Grace Nguyen

Although IBS-D is a constant struggle, sophomore James Mapes is grateful for the support from his friends and family.

Silent Battle

Sophomore keeps bright outlook despite internal struggle with lifelong medical condition

April 9, 2019

The end of a simple phrase changed the 13-year-old boy forever.

“Yes, it does last the rest of your life,” the doctor said.

On the day of his diagnosis, James Mapes was in the waiting room, grasping his mother’s hand tight, hoping and praying the blood test results would be in his favor. The physician then broke the news that James had been fearing. He would be stuck with his condition for life. Immediately, questions rushed through his head.

“Why did this happen? What will people think? What will people say?”

Known to his friends as an upfront, considerate and empathetic person, James, now a sophomore, is described as always making others feel welcome and putting others before himself.

“I think it’s so so hard to find someone who has as pure of a personality and heart as he does,” sophomore Ella Ristau said. “I feel that some take that for granted.”

Despite the bright and contagious personality described by others, many don’t know what he deals with on an regular basis. On the outside, James’s positivity often hides the internal battles he faces every day.

First diagnosed in middle school, James suffers from a common condition called Irritable Bowel Syndrome, otherwise known as IBS-D. This stomach disease usually presents itself in older individuals, but introduced itself at the age of 13 for James.

“There is a long list of foods I can’t eat, but the main ones are that I can’t have are gluten, diary, colored dye or pork,” James said. “I can’t have sodas, ice cream, candy. There is some medication, but I don’t chose to take it because they affect my mood.”

Although James suffered from the typical symptoms of abdominal pain, his IBS manifested itself in other ways, causing confusion before his official diagnosis.

A rash was prevalent everywhere on his body from his neck down. Because of this, James went to the dermatologist and was misdiagnosed with a kind of incurable autoimmune disease. A second opinion determined that it was from a contact dermatitis similar to an allergic reaction.  

After visiting multiple physicians, his mother, Lisa Mapes, finally got ahold of a neighbor’s GI doctor who accurately diagnosed him with IBS and suggested medication as the appropriate care.

“The medicine I would take would make me very lethargic and like you think a sloth would be like,” James said. “My mom and I say, if you have ever seen Winnie-the-Pooh, I would be like that donkey, Eeyore.”  

James’ condition separated him from his friends at school a couple of years ago, causing him to plunge into depression. Due to stomach pain, he was forced to stay in an isolated classroom for eight months.

“I found good friends and family to get me through it,” James said. “It just got me really upset because I couldn’t see anyone.”

Since the medicine failed, James and his mother set out for more answers, ultimately consulting an experienced nutritionist who concluded that his rash was attributed to his body trying to process things.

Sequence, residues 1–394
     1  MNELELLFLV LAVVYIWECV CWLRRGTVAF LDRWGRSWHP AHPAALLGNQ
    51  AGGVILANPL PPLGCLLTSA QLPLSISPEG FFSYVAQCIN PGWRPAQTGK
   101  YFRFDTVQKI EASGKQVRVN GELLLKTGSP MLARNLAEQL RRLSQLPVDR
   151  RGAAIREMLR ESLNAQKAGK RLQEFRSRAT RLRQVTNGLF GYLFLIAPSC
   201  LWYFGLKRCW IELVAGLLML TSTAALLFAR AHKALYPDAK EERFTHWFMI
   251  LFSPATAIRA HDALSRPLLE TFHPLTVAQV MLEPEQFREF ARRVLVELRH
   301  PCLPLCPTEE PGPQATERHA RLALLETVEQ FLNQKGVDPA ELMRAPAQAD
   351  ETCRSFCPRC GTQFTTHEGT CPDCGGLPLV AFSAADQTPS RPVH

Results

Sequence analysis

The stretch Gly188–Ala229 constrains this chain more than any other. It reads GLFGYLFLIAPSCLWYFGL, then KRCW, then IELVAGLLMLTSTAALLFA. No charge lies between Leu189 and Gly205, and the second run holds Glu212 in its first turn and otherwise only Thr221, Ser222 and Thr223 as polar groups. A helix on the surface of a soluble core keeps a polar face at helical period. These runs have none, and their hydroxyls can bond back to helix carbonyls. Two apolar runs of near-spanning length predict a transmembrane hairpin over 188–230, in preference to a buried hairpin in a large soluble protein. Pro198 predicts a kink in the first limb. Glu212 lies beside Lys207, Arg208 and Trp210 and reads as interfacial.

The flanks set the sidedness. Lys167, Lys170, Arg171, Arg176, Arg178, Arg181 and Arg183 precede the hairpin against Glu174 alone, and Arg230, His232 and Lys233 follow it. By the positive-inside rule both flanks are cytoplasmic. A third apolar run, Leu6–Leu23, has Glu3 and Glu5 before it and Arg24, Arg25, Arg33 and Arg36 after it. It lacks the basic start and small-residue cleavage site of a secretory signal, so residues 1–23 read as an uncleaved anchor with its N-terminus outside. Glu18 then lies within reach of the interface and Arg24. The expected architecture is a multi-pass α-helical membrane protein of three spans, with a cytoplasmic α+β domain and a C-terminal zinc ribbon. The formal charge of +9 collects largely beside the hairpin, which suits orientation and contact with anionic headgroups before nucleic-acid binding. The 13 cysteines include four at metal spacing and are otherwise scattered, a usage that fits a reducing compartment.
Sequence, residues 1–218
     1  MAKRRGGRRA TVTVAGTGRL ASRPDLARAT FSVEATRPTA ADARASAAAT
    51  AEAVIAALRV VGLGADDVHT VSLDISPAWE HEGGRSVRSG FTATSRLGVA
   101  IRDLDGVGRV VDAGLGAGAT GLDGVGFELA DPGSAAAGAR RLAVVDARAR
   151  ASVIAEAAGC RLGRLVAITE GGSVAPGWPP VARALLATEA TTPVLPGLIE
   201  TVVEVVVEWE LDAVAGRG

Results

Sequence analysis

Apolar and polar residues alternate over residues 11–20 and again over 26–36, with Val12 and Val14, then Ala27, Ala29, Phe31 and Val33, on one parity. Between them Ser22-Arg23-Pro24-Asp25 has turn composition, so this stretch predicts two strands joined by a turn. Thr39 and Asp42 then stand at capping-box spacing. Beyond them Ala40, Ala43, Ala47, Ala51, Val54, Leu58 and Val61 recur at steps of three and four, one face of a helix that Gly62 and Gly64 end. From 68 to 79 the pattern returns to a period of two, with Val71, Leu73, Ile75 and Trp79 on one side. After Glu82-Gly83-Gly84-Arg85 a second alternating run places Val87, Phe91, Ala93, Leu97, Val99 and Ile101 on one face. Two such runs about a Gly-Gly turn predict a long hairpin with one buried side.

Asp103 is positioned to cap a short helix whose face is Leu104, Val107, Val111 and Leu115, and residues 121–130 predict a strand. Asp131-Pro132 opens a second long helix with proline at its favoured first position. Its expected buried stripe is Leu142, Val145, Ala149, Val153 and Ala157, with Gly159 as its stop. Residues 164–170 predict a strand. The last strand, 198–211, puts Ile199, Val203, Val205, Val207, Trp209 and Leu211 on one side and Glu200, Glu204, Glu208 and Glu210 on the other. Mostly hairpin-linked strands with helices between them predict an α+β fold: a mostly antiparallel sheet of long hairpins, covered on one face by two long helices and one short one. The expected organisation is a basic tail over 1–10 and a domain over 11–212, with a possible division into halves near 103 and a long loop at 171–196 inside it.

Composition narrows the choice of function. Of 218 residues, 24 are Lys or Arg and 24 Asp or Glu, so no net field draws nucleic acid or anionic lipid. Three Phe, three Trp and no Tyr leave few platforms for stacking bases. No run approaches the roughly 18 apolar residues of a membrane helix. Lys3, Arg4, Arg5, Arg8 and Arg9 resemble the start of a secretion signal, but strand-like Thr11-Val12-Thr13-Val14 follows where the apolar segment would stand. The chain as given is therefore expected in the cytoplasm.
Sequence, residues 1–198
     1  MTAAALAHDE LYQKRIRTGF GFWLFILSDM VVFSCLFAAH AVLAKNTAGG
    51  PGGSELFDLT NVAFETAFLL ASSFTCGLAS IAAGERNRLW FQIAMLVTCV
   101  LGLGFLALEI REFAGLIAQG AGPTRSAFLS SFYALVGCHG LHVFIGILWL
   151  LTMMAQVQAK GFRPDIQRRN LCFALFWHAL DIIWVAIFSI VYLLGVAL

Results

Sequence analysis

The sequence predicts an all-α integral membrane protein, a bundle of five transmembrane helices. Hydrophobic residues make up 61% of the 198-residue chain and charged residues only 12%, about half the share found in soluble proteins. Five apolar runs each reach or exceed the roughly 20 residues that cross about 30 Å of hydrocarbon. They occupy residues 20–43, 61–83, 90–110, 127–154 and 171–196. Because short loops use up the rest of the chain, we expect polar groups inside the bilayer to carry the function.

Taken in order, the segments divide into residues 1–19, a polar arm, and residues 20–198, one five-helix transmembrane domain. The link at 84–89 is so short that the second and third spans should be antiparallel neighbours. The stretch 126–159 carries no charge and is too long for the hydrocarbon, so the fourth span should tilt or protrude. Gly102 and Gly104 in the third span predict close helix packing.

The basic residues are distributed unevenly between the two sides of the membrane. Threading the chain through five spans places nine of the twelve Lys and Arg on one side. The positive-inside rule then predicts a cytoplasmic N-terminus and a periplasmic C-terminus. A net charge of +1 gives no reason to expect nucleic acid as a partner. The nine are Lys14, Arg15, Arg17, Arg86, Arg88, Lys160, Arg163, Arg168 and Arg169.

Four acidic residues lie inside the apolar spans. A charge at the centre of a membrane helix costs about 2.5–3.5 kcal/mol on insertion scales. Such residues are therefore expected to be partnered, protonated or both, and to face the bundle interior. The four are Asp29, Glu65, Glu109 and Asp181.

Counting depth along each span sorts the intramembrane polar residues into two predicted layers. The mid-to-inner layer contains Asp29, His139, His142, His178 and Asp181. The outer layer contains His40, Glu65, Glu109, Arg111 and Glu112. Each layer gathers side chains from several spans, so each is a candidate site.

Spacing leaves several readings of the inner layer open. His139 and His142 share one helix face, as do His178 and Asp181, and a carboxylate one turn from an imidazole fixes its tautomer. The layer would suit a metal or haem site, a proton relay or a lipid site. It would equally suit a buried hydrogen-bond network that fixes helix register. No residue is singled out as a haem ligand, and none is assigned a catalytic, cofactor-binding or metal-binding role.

“We found out that his body was just in such a [poor] state from trying to process things that he basically ended up being allergic to all of these different things,” Lisa said. “We weren’t catching on quick enough that it was just affecting his stomach so it actually was manifesting itself on his skin.”

Lisa personalized items such as laundry detergent in order to help subdue James’ allergic reactions.

“To this day, I home-make laundry detergent for him,” Lisa said. “He’s allergic to so many things now. We found out he’s even allergic to the outside casings of the pods of the laundry detergents.”

James’ condition affects his social life as well as his diet. He stays close to home due to the constant worry of his condition resurfacing.

“I usually just stay in Allen,” James said. “Sometimes it’ll come up for no reason. Like earlier I wasn’t feeling to well after lunch, and I was eating everything I was supposed to.”

James also considers his condition when mentally preparing for the future.

“I hope to go to a top-tier college and just get used to classes,” James said. “It’s hard to go to class now, so I’m just getting more mentally prepared every day for college.”

James’ ability to conceal what he’s going through to others also reveals his inner concerns.

“My strength is not letting anyone realize that anything is going on at the time,” James said. “My biggest fear right now is having to tell people that this makes me so vulnerable.”

But despite the impact IBS has on his life,  James still manages to reflect his joyful self onto others.

“Many times I have went to his house and not been in the best mood, and he always brings positive vibes to make that day better for me,” sophomore Carson Holden said.  

From his experience, James said he hopes that people put themselves in his shoes before judging.

“I don’t have a problem with telling people, but it just comes out in bad ways,” James said. “Just understand what people are going through because you never know.”

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